Another important feature of the Periclean age was the jury system. Every year about 5000 jurors were elected for a term of one year. Being a great lover of democracy, he wanted even the poorest citizen to take interest in the political affairs of the State. This was the forerunner for the present day’s Direct Democracy.

Athens which was destroyed during the Persian war was rebuilt by Pericles. Athens became a centre of progress in Art and Architecture. Very large public buildings were constructed, which beautified Athens. The famous Parthenon or the temple of Virgin was built of coloured marble stones. It was the most beautiful temple. To protect this beautiful city from foreign invaders, he built ‘Longwalls’ connecting the city with the port Piraeus.

Pericles patronised music and artistes. The age of Pericles produced great Philosophers like Socrates and his pupil, Plato. It was the Golden age of Greek plays. Aeschylus, Sophocles, and Euripides were the great dramatists who wrote tragic plays. Hippocrates who is regarded as the Father of Medicine, Herodotus who is regarded as the Father of History and Thucycidides another famous historian all lived under the patronage of Pericles.

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Question 2.
Discuss the contributions of Greeks.
Answer:
1. Cultural Contributions:
The Greeks contributed to human civilization immensely. They believed in the principles of a sound mind in a sound body. They imagined the human body as a thing of beauty and had great curiosity and thirst for knowledge. They made great contributions to Literature, Sports, Philosophy, Politics, Ethics, Science, Music, Drama, . Religion, Art and Architecture. Greek ideology so completely dominated European culture that, the western culture today is predominantly Hellenic in its inspiration and ideas. So the legacy of Greece is vital and universal.

2. Literature:
In the field of literature, Greeks contributed to Epics, Poetry, Drama and History. ‘Iliad’ and ‘Odyssey’ are the two works of Homer. These epics give us a fairly faithful account of the social, economic and political conditions of early Greek culture. The shorter Greek poems were called Lyrics, as they were primarily sung to the music of lyres. Pindar and Sappo the poetess were two great lyric poets of Greek Civilization.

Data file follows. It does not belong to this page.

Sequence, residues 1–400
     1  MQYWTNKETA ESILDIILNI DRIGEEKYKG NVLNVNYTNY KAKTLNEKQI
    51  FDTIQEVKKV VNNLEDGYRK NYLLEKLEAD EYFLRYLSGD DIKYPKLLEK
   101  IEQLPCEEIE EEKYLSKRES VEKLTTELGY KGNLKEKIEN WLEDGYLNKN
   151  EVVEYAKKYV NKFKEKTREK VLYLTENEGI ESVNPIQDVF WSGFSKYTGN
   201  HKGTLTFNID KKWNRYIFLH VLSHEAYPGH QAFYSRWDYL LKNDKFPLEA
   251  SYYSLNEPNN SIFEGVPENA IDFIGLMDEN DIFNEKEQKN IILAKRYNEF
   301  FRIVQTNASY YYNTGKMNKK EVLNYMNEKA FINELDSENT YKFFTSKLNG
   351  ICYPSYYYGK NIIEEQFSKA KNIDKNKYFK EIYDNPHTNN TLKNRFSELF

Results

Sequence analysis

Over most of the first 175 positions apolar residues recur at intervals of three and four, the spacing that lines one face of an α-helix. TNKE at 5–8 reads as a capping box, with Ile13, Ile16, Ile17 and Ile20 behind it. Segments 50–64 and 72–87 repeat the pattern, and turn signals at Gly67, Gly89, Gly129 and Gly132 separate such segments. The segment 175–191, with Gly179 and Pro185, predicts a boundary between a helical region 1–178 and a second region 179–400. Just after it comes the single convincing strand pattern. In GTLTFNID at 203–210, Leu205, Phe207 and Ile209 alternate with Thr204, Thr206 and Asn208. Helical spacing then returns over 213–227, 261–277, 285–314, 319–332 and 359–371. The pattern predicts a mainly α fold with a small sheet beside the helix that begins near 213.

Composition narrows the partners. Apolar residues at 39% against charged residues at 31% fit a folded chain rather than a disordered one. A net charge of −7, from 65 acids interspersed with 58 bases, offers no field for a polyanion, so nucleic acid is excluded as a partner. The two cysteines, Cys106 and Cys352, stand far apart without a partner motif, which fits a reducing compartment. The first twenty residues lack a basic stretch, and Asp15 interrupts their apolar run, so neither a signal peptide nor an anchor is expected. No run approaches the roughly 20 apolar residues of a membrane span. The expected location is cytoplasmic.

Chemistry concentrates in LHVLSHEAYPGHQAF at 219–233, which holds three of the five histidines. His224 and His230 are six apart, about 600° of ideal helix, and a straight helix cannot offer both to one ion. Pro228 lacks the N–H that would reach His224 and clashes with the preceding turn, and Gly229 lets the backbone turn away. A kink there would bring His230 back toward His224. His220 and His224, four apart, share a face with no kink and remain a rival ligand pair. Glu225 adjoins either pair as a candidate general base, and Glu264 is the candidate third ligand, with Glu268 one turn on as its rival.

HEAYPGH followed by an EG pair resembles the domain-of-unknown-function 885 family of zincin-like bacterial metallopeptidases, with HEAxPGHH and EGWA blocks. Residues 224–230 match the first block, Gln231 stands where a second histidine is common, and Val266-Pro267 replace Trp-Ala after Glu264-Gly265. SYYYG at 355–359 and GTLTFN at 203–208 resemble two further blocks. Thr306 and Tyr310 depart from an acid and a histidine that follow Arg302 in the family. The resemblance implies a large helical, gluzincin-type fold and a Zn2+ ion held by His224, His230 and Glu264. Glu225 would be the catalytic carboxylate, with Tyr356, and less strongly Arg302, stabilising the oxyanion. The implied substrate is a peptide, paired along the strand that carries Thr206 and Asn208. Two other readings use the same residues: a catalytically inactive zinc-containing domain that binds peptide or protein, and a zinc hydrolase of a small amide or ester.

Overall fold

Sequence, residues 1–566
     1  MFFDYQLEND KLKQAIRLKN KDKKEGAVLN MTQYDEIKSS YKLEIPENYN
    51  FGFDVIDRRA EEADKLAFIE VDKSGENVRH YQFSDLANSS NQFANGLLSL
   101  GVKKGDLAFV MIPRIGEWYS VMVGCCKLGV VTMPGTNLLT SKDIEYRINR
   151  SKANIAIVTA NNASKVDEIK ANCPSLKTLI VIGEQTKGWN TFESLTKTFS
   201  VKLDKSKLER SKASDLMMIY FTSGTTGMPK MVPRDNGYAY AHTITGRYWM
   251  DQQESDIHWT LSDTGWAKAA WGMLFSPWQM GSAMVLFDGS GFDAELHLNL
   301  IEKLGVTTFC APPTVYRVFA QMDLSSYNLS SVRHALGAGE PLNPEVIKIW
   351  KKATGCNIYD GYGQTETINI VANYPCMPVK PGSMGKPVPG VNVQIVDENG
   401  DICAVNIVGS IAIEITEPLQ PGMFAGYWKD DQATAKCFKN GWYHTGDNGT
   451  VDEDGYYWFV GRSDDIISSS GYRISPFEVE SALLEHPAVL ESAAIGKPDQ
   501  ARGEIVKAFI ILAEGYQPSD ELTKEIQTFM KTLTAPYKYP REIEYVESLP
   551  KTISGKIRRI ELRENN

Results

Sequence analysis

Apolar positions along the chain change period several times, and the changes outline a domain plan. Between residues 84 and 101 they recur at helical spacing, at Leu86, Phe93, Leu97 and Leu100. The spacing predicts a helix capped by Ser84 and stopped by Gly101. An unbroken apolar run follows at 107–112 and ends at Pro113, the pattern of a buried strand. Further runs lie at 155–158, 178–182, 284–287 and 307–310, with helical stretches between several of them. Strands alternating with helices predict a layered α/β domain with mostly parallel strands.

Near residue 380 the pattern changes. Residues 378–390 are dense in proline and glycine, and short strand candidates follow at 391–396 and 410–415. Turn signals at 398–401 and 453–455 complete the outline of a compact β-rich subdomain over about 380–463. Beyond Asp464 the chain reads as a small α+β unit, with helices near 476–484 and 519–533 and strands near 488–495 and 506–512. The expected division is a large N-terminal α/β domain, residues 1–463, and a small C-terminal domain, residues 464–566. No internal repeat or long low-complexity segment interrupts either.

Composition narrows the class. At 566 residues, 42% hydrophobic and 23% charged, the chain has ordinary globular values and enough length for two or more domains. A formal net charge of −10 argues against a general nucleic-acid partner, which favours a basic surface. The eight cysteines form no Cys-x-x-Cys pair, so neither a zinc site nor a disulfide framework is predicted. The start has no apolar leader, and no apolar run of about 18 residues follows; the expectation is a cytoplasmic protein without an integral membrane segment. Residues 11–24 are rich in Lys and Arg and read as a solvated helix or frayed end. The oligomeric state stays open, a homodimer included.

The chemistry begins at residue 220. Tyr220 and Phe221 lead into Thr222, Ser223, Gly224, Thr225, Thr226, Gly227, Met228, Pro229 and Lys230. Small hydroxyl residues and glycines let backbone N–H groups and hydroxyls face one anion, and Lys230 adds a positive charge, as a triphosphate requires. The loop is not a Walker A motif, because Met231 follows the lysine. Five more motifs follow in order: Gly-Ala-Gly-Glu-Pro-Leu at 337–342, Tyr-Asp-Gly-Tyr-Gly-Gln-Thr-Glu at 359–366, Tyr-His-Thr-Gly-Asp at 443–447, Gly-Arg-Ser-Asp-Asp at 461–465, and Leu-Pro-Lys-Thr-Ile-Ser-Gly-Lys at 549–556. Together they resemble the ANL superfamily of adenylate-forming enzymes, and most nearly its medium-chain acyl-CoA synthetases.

The drama is the most familiar of the Greek forms of literature. The founder of Greek tragedy was Aeschylus, author of Prometheus Bound’ and ‘Agamemnon’. Sophocles, the greatest of the Greek tragedians, wrote ‘Oedipus Rex’, ‘Antigone’ and ‘Electra’. These plays are admired all over the world even today. Euripides the third of the great tragic poets, believed that in life people were more important than Gods. Hence he concerned himself with the passions and. emotions of human beings. One of his best-known plays is the ‘Trojan women’. Aristophanes was the greatest comic poet. Famous historians of the period were Herodotus, Thucydides, and Plutarch. Demosthenes was famous for his oratory skills, the art of making public speeches.

3. Science:
Greek philosophers furnished the impetus for the beginning of the study of science. Aristotle laid the foundation for the study of natural science. Theophrastus established Botany as a recognized science. Hippocrates known as the ‘Father of Medicine’ laid the foundations . of modern medicine. He taught that diseases have a natural origin and not caused by evil spirits. Herophilus is called as the ‘Father of Anatomy’.

Ptolemy believed that the Earth was the centre of the Universe. But Aristarchus propounded the theory that Earth and other planets, revolved around the Sun. Eratosthenes calculated the approximate circumference of earth within a small error of 320 Kilometres. He also prepared a fairly accurate map of the world and he was the first to suggest that one could reach India from Europe by sailing westwards. Pythagoras and Euclid made many contributions to mathematics, especially to Geometry. Archimedes was also a famous scientist of ancient Greece.

4. Art and architecture:
In the early times, the Greeks used wood, and later they used sun-dried bricks and marbles to build their temples. Greek architecture consists of three styles viz., Doric, Ionic, and the Corinthian styles. The Parthenon is said to be the most beautiful temple ever built out of the coloured marble stones. A tall marble statue of Goddess Athena carved by Phidias is inside the temple. The temple consists of 46 Doric columns, each 34 feet high Actinus, the famous architect of this temple blended Doric, Ionian, and Corinthian styles to make this temple a wonder of the world.